Is there such a thing as a culture of savings? This is a question I have been thinking about for almost a year now since undertaking research into savings accounts for children around the world. Bankers in countries from Sri Lanka to Papua New Guinea to Kenya told me in interviews that their banks are offering child savings accounts (CSAs) with an intention of "inculcating" a habit of savings among young people, or "nurturing" a savings culture. (Of course, these banks are primarily offering the accounts to attract and retain young customers, who will hopefully build their balances as they grow older).
In one conversation, a banker in Sri Lanka told me that Asians are more thrifty than people elsewhere. "We tend to save a lot," a tendency that he said was inculcated into the country's children. Conversely, an executive at an international children's charity told me that Ethiopia, where the charity recently started a child savings program, doesn't have a very strong savings culture. In Ethiopia, the executive said, the people that save, save primarily for death (i.e. through burial societies). Moreover, a banking executive at a multinational bank that operates in the South Pacific told me, in part because of a hot and humid environment, there is no such thing as a habit of savings in the region. If you get something today, you better consume it today, the executive said of the mentality there.
It was with these conversations in mind that I listened to a talk earlier this month given by Sheldon Garon, Professor of History and East Asian Studies at Princeton University, about savings in a global and historical context. Professor Garon, who is writing a book about thrift, asked if the post-war thrift in East Asia was due to cultural influences, such as Confucianism. He then took the audience through a series of historical trends that reinforced what I took to be his point that institutions are a key determinants of savings behavior. The stops on his historical tour included the origin of savings banks in Europe about two centuries ago; the regional disparities in the use of savings accounts in the United States early in the 20th century (which he attributed to widely varying number of financial institutions in the regions); and the large footprint of postal banks in countries such as Japan. (Postal banks also have extensive networks in places such as China, Germany, and Kenya). Coming out of Professor Garon's talk, I found myself thinking that, instead of grouping countries as either having a culture of savings or not, perhaps it is more constructive to think about how governments can help promote a habit of savings among their citizens.
A question I have going forward is: Where does all of this leave developing countries that lack the infrastructure of bank branches to collect savings at? One intriguing possibility is transforming pharmacies, retail outlets of cellphone operators, and even mom-and-pop snack shops into mini-banks. The idea of conducting banking transactions with a third-party is often called using "banking agents." The CGAP Technology Program has done extensive research on the subject, including an overview of early experiences with branchless banking (which includes banking agents and cellphone banking), and a list of frequently-asked-questions on banking agents.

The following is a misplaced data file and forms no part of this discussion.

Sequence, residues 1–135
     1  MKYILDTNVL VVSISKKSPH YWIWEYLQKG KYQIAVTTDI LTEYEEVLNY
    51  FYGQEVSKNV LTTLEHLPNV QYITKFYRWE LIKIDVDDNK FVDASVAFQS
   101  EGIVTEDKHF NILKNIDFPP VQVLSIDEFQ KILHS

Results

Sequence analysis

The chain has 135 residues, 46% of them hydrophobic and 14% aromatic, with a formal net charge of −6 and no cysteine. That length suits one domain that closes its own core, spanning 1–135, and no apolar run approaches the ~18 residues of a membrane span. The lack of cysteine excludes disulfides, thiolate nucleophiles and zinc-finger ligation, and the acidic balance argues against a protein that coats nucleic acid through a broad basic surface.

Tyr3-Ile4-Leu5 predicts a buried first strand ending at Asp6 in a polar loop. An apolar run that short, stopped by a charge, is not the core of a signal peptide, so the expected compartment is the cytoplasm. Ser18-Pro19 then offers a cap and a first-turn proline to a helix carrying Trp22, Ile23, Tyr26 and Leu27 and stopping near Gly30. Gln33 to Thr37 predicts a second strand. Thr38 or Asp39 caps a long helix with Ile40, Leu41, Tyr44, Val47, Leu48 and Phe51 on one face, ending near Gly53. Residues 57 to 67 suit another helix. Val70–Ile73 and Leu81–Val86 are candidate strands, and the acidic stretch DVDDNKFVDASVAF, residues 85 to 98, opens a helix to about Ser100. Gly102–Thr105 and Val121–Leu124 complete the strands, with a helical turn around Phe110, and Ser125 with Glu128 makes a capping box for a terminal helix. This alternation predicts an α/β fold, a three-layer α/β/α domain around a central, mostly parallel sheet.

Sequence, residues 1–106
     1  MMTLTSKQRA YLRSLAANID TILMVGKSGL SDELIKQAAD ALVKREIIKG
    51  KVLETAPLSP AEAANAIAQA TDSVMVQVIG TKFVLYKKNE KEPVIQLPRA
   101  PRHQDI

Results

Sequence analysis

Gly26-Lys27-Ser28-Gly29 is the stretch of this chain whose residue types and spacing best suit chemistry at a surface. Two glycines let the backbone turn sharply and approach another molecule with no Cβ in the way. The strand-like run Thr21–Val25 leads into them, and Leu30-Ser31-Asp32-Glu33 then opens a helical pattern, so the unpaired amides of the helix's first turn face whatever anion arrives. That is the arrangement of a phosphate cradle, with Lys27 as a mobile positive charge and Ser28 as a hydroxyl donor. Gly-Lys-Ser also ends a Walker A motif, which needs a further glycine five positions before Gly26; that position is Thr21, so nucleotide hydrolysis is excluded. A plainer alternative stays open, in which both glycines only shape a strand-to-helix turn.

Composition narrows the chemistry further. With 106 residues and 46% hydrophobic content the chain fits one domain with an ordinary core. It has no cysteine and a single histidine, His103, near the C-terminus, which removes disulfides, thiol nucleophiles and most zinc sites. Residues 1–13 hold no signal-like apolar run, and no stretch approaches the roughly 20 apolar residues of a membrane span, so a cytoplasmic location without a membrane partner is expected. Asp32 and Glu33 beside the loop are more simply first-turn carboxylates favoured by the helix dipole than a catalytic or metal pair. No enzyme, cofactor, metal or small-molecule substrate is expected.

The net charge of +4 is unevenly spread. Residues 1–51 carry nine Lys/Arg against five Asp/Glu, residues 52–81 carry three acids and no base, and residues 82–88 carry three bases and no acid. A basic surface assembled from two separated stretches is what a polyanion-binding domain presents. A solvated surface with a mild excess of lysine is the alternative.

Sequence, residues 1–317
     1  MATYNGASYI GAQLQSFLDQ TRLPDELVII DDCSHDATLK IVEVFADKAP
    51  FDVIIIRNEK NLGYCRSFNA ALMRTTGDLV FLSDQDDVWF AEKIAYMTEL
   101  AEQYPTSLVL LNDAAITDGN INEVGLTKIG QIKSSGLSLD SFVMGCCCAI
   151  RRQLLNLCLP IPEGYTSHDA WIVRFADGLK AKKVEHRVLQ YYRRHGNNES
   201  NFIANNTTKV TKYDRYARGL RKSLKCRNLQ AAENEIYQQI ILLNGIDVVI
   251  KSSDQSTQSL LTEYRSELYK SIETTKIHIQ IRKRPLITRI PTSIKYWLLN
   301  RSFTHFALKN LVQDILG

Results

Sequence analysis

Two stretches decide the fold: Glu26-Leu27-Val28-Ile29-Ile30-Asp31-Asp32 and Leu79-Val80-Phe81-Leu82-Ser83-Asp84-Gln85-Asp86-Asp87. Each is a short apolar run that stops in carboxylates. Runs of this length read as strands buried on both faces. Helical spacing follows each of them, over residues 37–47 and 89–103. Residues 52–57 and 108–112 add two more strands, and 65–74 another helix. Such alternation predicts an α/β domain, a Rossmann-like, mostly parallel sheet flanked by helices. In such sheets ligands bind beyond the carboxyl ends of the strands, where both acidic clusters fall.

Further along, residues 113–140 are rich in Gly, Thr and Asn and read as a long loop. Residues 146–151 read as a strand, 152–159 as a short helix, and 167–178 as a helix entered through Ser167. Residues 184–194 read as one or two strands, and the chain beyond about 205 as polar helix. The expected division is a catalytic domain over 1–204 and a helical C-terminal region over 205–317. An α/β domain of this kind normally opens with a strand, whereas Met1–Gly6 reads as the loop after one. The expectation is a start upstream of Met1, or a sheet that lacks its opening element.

One sociological issue that arises when discussing banking agents (in addition to several regulatory ones) is if there is something lost by not dealing with a professional banker. Ideally - though this may seem naïve nowadays - bankers are supposed to help clients choose the most suitable financial products for them. For example, banks offer many types of savings accounts, and a person unfamiliar with banks in the first place would likely have difficulty understanding the features of each. One way to address this is for governments to encourage or mandate banks to offer a simple, low-fee starter account, which consumers can opt-out of if they wish. Another question is whether a person would trust "mom" or "pop" with their deposit. Getting at this question, in a lecture last week, Kabir Kumar of CGAP showed a photo of a pharmacy in a slum in Pakistan that has been equipped with a point-of-sale (POS) banking terminal. Mr. Kumar then noted that pharmacies make for particularly good banking agents because of the trust pharmacists typically command in a community.
So, in the future, can banking agents pull the same (or more) weight as postal banks historically have in terms of broadening access to financial products? My answer is "yes," though that it will take clever thinking by banking regulators to ensure that transactions with banking agents are safe for consumers. Such a development would seemingly enable all countries - even those thought by some not to have a culture of savings - to allow many more of their citizens to reap the benefits of being hooked into the formal financial system.